PubDate: 2022-06-17
       
  • Telomere dynamics in female Columbian ground squirrels: recovery after
           emergence and loss after reproduction

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      Abstract: Abstract Telomeres are specialized non-coding DNA sequences located at the end of chromosomes and that protect genetic information. Telomere loss over lifespan is generally viewed as a phenomenon associated with aging in animals. Recently, telomere elongation after hibernation has been described in several mammals. Whether this pattern is an adaptation to repair DNA damage caused during rewarming from torpor or if it coevolved as a mechanism to promote somatic maintenance in preparation for the upcoming reproductive effort remains unclear. In a longitudinal study measuring telomere length using buccal swabs, we tested if telomere elongation was related to reproductive success in wild adult female Columbian ground squirrels (Urocitellus columbianus) that were monitored from emergence from hibernation to the end of the reproductive season. We found three key results. First, female telomere length increased at the start of the breeding season, both in breeding and non-breeding individuals. Second, post-emergence telomere lengthening was unrelated to female future reproductive output. Third, telomere length decreased in breeding females during lactation, but remained stable in non-breeding females over a similar period. Within breeders, telomeres shortened more in females producing larger and heavier litters. We concluded that telomere lengthening after hibernation did not constrain immediate female reproductive capacities. It was more likely to be part of the body recovery process that takes place after hibernation. Telomere erosion that occurs after birth may constitute a physiological cost of female reproduction.
      PubDate: 2022-06-17
       
  • Correction to: Nonlinear spatial and temporal decomposition provides
           insight for climate change effects on sub-Arctic herbivore populations

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      PubDate: 2022-06-13
       
  • Shifts in maternal foraging strategies during pregnancy promote offspring
           health and survival in a marine top predator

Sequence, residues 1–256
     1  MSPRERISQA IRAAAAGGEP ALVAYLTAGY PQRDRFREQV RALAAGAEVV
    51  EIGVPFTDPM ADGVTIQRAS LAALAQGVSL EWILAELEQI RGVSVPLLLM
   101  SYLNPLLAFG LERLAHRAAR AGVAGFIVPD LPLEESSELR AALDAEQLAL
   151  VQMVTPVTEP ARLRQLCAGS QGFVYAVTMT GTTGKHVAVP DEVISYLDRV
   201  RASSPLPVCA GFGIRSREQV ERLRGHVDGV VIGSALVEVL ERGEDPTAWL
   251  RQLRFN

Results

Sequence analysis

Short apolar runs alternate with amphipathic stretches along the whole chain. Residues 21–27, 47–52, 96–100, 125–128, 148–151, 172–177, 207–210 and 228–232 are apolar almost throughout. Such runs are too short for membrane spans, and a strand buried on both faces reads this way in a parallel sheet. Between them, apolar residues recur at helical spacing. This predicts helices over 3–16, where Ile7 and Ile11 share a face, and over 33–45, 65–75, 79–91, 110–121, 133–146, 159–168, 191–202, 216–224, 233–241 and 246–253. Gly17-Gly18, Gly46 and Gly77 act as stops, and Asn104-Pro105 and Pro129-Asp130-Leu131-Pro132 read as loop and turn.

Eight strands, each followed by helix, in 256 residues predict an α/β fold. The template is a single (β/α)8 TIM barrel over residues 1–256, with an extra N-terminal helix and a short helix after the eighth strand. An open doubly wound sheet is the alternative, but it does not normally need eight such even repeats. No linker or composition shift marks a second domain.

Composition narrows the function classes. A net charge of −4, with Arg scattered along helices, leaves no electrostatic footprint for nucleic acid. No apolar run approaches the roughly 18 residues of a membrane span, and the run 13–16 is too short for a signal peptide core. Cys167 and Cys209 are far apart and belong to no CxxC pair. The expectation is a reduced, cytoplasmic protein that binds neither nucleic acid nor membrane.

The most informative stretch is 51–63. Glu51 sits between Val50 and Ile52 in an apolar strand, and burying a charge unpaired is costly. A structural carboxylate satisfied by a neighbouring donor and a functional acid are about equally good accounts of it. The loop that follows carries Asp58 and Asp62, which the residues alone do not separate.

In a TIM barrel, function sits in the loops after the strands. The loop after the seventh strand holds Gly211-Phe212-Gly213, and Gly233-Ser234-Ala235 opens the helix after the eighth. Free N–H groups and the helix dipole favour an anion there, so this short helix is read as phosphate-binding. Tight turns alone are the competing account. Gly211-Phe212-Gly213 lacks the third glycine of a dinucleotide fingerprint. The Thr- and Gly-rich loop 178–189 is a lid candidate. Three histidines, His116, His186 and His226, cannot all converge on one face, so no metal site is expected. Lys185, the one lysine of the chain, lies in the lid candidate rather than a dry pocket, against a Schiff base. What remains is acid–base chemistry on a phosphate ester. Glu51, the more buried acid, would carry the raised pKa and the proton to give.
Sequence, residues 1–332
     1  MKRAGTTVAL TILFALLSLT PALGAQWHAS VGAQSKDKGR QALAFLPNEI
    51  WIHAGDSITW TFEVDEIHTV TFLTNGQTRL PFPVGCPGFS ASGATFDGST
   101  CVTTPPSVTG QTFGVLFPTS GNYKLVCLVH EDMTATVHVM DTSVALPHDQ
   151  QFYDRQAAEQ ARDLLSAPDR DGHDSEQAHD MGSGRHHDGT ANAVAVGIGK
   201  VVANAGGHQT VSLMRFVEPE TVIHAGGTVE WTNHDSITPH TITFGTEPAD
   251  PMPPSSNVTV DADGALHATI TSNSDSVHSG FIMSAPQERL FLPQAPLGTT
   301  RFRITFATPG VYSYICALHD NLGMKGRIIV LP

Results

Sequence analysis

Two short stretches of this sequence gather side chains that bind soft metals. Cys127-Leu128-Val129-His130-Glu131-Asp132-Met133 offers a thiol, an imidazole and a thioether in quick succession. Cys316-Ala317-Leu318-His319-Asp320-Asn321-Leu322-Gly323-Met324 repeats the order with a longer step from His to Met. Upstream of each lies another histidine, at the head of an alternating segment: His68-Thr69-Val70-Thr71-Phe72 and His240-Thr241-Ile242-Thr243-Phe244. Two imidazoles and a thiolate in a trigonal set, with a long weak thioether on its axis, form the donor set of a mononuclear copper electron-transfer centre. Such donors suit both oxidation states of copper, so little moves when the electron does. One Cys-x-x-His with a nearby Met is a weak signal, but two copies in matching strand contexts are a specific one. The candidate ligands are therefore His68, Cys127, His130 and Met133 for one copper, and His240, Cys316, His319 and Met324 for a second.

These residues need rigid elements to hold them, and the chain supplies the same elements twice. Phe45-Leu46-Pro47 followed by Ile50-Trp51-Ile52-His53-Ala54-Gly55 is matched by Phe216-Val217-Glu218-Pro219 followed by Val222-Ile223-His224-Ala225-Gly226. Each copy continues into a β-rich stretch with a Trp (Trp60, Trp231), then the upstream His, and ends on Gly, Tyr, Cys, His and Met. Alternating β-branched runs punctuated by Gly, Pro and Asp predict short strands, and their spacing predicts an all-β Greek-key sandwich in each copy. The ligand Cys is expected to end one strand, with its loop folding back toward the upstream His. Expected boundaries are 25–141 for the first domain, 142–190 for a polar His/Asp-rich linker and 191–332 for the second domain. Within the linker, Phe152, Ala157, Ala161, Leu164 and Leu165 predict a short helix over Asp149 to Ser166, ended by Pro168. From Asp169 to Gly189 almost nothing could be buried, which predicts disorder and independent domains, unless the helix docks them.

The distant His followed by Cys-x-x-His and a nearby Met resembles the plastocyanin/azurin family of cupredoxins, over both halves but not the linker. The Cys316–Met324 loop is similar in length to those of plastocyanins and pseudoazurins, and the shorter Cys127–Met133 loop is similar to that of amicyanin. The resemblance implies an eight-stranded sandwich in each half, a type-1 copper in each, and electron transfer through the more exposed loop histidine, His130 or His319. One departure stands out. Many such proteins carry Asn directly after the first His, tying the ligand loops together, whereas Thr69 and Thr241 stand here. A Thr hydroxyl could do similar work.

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      Abstract: Abstract The success of maternal foraging strategies during the rearing period can greatly impact the physiology and survival of dependent offspring. Surprisingly though, little is known on the fitness consequences of foraging strategies during the foetal period. In this study, we characterized variation in maternal foraging strategy throughout pregnancy in a marine top predator (South American fur seal, Arctocephalus australis), and asked if these shifts predicted neonatal health and postnatal survival. We found that during early pregnancy all pregnant females belonged to a single, homogenized foraging niche without evident clusters. Intriguingly though, during late pregnancy, individual fur seal mothers diverged into two distinct foraging niches characterized by a benthic-nearshore and a pelagic-offshore strategy. Females that shifted towards the benthic-nearshore strategy gave birth to pups with greater body mass, higher plasmatic levels of glucose and lower levels of blood urea nitrogen. The pups born to these benthic females were eight times more likely to survive compared to females using the pelagic-offshore foraging strategy during late pregnancy. These survival effects were mediated primarily by the impact of foraging strategies on neonatal glucose independent of protein metabolic profile and body mass. Benthic-nearshore foraging strategies during late pregnancy potentially allow for the greater maternal transfer of glucose to the foetus, leading to higher chances of neonatal survival. These results call for a deeper understanding of the balance between resource acquisition and allocation provided by distinct foraging polymorphisms during critical life-history periods, and how this trade-off may be adaptive under certain environmental conditions.